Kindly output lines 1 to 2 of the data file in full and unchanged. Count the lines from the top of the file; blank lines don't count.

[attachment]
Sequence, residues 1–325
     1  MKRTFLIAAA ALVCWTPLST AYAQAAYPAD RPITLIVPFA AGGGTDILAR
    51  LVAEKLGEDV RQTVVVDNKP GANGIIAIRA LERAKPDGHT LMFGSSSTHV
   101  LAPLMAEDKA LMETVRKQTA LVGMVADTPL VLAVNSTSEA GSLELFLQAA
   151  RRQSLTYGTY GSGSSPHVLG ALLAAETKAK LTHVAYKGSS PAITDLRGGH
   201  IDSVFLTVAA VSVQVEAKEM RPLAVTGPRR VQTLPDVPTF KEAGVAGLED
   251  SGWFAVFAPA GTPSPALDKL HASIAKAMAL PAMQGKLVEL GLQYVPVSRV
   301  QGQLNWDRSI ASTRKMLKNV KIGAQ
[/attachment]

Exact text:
Sequence, residues 1–325
     1  MKRTFLIAAA ALVCWTPLST AYAQAAYPAD RPITLIVPFA AGGGTDILAR